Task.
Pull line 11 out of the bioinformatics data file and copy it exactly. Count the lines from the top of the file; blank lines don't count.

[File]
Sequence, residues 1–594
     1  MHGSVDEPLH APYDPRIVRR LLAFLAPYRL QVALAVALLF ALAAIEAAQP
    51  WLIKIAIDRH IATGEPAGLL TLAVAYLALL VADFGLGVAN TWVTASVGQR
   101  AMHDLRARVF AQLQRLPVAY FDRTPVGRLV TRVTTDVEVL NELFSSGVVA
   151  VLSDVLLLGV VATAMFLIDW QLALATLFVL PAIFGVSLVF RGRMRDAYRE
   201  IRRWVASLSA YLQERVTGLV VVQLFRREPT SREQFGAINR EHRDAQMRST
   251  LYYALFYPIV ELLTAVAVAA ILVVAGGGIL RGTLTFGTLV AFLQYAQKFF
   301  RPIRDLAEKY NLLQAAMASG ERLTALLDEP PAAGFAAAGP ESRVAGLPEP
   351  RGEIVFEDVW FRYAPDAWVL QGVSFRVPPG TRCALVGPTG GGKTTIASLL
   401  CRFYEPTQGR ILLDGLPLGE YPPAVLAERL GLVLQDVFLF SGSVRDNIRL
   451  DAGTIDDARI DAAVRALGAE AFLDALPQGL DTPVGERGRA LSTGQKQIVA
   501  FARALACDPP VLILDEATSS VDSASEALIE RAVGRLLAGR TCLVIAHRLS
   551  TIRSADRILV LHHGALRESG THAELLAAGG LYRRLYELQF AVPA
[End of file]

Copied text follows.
   451  DAGTIDDARI DAAVRALGAE AFLDALPQGL DTPVGERGRA LSTGQKQIVA